Sunday, March 31, 2013
Many people debate the tactics of John Brown. What they don't dispute is that the famous abolitionist changed the course of American history by, in effect, sparking the Civil War.
Two men who have studied and written about Brown extensively will talk in front of a live audience at 7:30 p.m. Thursday, April 4, at Liberty Hall. The event, "Reconstructing John Brown," is part of the Lawrence Public Library's year-long 1863 Commemorate Lawrence observance of the 150th anniversary of Quantrill's Raid.
Pulitzer-Prize winning journalist and historian Tony Horwitz will be interviewed by Jonathan Earle, a professor of history at Kansas University, on the life and legacy of the anti-slavery fighter. Horwitz wrote the book "Midnight Rising: John Brown and the Raid that Sparked the Civil War" about Brown's surprise 1859 attack on a Harper's Ferry, Va. (now West Virginia), armory to free and arm slaves. Kansans might remember Brown more for when, in response to the May 1856 sacking of Lawrence, he killed five slavery supporters in Pottawatomie and led abolitionist forces at the Battles of Black Jack and Osawatomie.
Horwitz grew up in the nation's capital, about 60 miles from Harper's Ferry. A Civil War buff, he often wondered what started the conflict in the first place. That curiosity led him to Brown.
Horwitz's research eventually brought him to eastern Kansas, where Earle, who calls Horwitz "one of the best popular history writers out there," and Lawrence historian Karl Gridley took the author on a tour of the sites of Brown's most famous battles. Along the way, Horwitz learned just how much of an impact the state had on the fight to end slavery.
"The Civil War essentially began in Kansas," Horwitz says. "This is a surprise to many Americans outside your region. They know the phrase 'Bleeding Kansas' but they don't know how critical Kansas was."
Said Gridley: "I don't know if there would have been a Bleeding Kansas if there wasn't a John Brown. … He was very involved in the direction of Kansas and the direction Kansas would take in the Civil War and the civil rights movement."
During the course of his research, Horwitz came across others things that surprised him about Brown.
"He was by no means a lone gunman. He not only had many men fighting with him … but also tremendous support behind the lines from very prominent Northerners, including transcendentalists, wealthy businessmen, figures like Frederick Douglass," the author remarked. "Another thing is that his life up to Kansas was in some ways quite conventional. He was a businessman, a family man, a devout Christian; his ancestors fought in the Revolutionary War. He wasn't from the fringes of American society."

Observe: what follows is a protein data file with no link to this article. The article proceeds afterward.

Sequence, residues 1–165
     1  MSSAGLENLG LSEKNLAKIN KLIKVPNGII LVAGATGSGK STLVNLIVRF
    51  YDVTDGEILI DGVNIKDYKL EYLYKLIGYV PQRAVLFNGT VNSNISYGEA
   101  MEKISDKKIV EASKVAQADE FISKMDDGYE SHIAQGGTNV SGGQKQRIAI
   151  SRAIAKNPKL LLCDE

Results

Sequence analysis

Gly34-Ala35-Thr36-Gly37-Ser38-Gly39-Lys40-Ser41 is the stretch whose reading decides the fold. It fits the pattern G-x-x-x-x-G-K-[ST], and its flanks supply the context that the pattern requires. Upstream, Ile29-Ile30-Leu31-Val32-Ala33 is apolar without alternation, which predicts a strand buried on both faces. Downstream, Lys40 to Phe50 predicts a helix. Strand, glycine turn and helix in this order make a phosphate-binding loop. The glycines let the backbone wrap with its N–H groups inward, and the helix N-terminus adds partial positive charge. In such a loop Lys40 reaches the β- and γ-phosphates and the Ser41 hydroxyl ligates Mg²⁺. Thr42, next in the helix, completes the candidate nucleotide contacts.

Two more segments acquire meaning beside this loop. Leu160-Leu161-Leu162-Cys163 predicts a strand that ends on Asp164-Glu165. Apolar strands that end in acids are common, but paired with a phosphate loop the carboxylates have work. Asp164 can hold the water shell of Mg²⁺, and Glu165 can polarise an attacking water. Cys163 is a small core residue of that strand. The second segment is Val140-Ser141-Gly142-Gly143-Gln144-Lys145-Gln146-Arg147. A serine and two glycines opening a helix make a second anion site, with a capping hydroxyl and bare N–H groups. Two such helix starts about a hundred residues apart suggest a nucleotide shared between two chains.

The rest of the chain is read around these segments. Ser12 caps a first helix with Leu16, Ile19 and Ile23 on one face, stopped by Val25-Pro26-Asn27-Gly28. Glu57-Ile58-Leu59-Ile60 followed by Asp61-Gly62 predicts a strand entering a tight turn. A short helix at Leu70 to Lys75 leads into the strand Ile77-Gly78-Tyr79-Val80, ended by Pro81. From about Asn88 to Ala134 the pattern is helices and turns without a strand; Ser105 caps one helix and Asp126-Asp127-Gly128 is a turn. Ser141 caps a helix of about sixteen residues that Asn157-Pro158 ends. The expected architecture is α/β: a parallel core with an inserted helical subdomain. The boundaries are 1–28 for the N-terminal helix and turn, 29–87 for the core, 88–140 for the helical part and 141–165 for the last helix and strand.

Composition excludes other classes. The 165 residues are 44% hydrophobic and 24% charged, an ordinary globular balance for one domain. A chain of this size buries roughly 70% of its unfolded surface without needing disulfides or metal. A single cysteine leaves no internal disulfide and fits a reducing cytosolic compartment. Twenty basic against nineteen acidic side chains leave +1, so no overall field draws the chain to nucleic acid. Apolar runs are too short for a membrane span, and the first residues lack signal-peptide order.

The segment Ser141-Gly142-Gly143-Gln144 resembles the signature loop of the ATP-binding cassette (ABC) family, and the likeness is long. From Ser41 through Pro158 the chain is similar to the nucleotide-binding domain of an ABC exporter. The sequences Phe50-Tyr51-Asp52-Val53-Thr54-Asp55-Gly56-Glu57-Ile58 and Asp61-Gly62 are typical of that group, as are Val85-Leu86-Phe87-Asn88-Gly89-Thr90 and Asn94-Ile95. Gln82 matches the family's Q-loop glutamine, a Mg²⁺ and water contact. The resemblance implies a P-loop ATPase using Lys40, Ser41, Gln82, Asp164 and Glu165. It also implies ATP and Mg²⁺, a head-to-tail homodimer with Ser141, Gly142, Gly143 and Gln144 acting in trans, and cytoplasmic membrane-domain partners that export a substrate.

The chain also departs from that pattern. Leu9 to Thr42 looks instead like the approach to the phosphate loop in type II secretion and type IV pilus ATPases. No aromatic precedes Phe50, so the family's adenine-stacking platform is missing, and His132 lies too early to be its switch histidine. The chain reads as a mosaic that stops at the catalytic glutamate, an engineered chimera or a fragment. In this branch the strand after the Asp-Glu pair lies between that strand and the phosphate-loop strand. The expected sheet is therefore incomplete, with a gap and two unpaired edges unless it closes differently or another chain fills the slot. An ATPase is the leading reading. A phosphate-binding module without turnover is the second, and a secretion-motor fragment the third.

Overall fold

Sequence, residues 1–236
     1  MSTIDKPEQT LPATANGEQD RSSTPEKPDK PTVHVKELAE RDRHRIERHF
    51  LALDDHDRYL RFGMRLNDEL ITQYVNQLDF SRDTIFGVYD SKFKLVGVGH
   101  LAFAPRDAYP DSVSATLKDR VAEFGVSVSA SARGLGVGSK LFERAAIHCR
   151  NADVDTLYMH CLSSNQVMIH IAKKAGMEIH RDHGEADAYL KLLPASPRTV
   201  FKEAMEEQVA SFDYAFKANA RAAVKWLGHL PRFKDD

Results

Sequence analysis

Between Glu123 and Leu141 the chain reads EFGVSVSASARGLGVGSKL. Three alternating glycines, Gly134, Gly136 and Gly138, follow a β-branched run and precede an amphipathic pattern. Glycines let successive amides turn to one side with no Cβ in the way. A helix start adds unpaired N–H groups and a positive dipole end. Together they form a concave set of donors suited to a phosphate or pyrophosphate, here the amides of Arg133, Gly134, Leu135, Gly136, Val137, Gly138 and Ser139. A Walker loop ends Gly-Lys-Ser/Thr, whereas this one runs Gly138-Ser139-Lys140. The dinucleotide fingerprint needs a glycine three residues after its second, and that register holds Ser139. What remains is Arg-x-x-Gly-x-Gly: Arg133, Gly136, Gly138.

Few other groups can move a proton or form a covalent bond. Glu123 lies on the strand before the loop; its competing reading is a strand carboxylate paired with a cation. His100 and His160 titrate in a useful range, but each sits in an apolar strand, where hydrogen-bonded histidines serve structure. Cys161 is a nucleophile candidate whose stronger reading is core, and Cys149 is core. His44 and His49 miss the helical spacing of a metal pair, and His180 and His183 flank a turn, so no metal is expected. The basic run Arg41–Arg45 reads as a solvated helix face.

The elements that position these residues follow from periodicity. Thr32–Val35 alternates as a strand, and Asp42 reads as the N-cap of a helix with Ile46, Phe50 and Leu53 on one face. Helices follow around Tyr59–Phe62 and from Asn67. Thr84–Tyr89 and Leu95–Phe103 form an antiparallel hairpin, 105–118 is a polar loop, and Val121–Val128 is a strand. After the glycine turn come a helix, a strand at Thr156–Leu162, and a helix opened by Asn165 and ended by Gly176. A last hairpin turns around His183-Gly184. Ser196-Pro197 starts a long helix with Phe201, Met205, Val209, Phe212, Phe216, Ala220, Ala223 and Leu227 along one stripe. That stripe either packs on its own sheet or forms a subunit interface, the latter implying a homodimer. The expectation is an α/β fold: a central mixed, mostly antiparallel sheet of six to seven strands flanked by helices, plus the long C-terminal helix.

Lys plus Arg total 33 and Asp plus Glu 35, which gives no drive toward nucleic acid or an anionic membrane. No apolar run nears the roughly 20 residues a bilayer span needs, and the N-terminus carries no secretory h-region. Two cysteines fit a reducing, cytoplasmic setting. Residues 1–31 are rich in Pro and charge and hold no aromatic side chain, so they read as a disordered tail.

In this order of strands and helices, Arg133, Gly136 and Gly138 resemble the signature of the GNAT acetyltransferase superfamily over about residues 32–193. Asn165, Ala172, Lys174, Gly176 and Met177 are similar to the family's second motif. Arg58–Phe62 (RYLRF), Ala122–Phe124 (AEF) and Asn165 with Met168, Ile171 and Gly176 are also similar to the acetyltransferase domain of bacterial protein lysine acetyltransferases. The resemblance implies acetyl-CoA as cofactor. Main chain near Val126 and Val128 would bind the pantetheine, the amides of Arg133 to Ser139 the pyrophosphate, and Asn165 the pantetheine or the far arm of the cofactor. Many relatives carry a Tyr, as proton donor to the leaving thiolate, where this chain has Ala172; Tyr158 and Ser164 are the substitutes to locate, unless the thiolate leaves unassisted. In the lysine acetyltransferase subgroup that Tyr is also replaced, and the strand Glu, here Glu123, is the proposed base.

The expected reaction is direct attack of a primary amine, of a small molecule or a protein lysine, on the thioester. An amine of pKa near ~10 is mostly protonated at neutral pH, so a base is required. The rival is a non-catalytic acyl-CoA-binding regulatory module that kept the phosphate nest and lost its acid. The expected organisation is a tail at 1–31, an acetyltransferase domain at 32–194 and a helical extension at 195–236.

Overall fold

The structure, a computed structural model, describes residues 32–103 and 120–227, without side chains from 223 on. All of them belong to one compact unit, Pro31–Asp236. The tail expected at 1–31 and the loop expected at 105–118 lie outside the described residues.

To this day, people argue over Brown's methods. He saw violence as the only way to overturn slavery, which was itself a violent act.
"He's a very problematic figure," Horwitz says. "I think most of us today feel he was on the right side of history in believing slavery was the great sin of our nation and had to be purged. But his tactics made many people uncomfortable … Unlike most other abolitionists, who were devout pacifists, he felt slavery was a state of war and must be met in kind. … I think the Civil War suggests he was right in believing that only bloodshed could resolve this conflict."
Prior to Brown, Earle says, abolitionists had tried using moral suasion, or convincing slaveholders that they were sinning in the eyes of God.
Brown is "just a lightning rod for however you come down on the issue," Gridley says. "A lot of people consider him a madman and a terrorist; a lot of people consider him a martyr or a freedom fighter."
Even supporters admit Brown wasn't without his mistakes. Earle cites his ineffective plan to give blacks farmland in upstate New York, as well as the Pottawatomie massacre, where he and his men hacked apart with broadswords five pro-slavery settlers who themselves didn't own slaves.
Brown's influence can still be felt in modern-day America. Earle points to Vietnam War protestors, the Black Panthers and anti-abortion activists as groups who have looked to Brown for inspiration.
"John Brown is right in the middle of our society," Gridley says. "It's like that mural in Topeka, with John Brown towering above both sides with a rifle and a Bible."
Horwitz says the rights to turn his book into a cable-television series are currently being negotiated.
The program is free and open to the public. Doors open at 7 p.m. Books about Brown by Horwitz and Earle will be available for sale at the event.